Last Thursday, my husband and I gathered with all of the specialists that I’ve been seeing at my neuro day-hospital program to discuss my progress, make a plan for the rest of my time in treatment, and set a tentative discharge date.
Each member of my team had been careful to reassure me in advance that this meeting, officially called a care conference, was “nothing to worry about.” I could bring any family members and friends I wanted present; I wouldn’t be thrown any curveballs, in terms of the information shared; it would be an opportunity to learn and ask questions.
Being me, I was crippled with anxiety until it was over. What if I was told that I wasn’t excelling at rehab? (Apparently collecting gold stars isn’t the point of this process, but still.) What if my health-care providers yelled at me? (I should probably make clear that they never have in the past.) What if they kicked me out of the program because … they just felt like it? (Keep in mind that these are some of the nicest, most professional, most competent people on the planet.)
Welcome to my brain.
In case you couldn’t see this coming, the meeting went really well—in other words, much to my surprise, there were no horrible surprises. In turn, the health-care professionals in attendance summarized what we’ve done together up to now (mostly assessments), made observations about my remaining issues, and gave me healthy doses of one of my favourite things: praise (I’m only human). Taking into account what I need to accomplish, they set my discharge for July 27; however, I was informed that there’s some flexibility around that date, and also that I can return for a second block of therapy when it’s time to go back to work so that they can help me with that transition.* The conference lasted around thirty minutes, and besides the normal anxiety that comes with waiting for something good to turn bad—again, welcome to my brain—it was a pretty positive experience.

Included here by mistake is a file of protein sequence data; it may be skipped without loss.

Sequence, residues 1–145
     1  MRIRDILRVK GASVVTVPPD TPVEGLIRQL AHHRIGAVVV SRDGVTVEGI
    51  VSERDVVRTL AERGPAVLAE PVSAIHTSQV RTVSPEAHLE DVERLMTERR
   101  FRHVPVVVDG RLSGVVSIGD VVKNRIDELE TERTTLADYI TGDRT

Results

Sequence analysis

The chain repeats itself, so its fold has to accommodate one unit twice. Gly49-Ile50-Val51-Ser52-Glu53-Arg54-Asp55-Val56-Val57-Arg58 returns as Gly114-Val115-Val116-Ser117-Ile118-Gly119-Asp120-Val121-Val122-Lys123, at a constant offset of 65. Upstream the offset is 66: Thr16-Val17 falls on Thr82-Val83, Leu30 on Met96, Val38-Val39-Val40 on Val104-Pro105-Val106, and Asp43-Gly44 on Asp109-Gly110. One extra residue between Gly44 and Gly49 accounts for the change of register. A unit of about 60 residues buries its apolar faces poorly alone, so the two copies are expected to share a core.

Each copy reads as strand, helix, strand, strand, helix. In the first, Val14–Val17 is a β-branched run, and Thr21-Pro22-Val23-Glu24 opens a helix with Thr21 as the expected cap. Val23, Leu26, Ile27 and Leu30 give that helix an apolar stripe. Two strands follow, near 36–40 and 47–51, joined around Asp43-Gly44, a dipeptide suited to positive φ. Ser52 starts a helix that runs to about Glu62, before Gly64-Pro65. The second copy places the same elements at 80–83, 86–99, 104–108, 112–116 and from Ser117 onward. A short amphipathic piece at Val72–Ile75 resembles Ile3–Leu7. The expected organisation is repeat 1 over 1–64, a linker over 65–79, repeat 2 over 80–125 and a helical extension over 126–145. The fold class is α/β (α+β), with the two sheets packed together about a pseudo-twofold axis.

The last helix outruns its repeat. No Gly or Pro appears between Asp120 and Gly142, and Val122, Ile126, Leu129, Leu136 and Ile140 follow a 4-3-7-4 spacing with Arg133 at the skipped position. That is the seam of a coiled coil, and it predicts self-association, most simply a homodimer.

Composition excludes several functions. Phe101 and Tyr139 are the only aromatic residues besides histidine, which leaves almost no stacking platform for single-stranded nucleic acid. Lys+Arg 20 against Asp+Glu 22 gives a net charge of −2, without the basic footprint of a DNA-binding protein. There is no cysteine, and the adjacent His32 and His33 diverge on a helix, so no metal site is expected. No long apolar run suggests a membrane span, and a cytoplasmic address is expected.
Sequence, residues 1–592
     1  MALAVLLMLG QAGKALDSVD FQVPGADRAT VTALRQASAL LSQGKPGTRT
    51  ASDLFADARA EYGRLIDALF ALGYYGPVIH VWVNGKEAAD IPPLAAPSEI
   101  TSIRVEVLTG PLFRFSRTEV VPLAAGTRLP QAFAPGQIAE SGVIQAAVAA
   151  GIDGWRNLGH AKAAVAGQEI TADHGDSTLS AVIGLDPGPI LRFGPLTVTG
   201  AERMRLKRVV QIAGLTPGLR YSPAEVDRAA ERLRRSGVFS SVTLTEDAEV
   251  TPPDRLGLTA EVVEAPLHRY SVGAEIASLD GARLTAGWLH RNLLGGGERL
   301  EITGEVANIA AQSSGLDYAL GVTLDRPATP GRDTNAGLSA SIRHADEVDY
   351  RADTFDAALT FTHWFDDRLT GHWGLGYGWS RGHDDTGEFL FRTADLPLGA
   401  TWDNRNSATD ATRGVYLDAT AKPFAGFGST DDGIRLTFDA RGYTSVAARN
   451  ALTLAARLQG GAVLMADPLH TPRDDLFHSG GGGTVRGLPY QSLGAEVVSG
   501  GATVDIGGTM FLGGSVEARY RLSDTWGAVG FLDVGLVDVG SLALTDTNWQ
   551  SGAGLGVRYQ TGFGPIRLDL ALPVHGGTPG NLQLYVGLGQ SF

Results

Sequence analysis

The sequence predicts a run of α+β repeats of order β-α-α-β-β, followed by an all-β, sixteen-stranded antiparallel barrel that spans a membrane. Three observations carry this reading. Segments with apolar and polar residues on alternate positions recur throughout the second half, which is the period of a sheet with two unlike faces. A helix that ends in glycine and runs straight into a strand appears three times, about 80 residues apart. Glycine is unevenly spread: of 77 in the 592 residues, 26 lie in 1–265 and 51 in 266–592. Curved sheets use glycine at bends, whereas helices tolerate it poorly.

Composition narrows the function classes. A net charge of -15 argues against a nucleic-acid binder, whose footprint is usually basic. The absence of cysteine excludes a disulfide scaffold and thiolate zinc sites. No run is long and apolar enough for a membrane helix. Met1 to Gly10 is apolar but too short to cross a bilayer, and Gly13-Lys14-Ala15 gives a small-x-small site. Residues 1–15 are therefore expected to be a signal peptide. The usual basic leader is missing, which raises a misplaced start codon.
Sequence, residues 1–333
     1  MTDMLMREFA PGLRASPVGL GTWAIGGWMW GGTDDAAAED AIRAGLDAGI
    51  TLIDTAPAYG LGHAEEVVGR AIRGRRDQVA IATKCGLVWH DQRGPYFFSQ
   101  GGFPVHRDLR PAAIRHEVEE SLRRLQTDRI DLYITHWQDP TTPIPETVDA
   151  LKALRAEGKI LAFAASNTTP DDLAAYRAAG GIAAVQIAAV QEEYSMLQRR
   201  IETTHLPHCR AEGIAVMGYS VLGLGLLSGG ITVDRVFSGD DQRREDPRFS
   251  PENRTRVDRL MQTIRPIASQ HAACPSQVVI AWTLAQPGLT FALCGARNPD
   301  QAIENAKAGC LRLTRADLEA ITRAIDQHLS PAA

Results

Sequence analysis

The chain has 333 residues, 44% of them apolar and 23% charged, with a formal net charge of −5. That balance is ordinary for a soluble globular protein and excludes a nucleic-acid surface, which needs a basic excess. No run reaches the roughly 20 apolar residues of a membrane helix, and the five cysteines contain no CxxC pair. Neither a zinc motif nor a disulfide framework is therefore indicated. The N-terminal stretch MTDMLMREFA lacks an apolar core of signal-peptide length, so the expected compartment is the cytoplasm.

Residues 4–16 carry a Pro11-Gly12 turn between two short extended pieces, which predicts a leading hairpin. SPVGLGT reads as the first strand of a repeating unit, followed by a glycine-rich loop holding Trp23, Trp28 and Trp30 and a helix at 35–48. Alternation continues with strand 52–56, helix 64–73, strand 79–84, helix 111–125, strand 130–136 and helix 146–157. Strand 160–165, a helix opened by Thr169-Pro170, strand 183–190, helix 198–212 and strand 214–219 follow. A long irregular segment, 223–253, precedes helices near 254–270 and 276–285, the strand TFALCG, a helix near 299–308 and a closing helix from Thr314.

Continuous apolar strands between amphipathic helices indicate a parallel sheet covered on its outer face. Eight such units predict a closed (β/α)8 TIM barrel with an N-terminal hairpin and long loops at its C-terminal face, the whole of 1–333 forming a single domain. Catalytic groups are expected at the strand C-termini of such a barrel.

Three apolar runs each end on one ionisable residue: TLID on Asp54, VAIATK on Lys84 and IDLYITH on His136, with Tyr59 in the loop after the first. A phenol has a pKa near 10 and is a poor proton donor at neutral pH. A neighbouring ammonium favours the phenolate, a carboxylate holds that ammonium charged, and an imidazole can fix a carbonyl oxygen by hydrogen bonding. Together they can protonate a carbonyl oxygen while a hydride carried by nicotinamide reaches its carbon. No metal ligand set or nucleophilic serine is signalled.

While debriefing, my husband and I reflected on how grateful we both are for the level of support that I’m currently receiving. My team at the hospital is caring, observant, collaborative, encouraging, and all the other adjectives that you’d want embodied by medical professionals helping you at a rehab facility. Though I still have a long way to go, I’ve already noticed major differences in myself and in my level of functioning since starting the program, and it’s only been a few weeks.
I can only assume that by July 27, I’ll have been kicked out of rehab for being too good at it or because they’ve run out of gold stars. Or maybe they’ll create a grading system in order to give me an A+++.
A woman can dream.
*I suspect that this was their way of telling me that I won’t be ready to go back to work at the end of July, when I’m done the first phase of my treatment. I continue to annoyingly ask at almost every rehab appointment when I can return to the working world; the answer is consistently that doing so is a “long-term goal.” Blergh.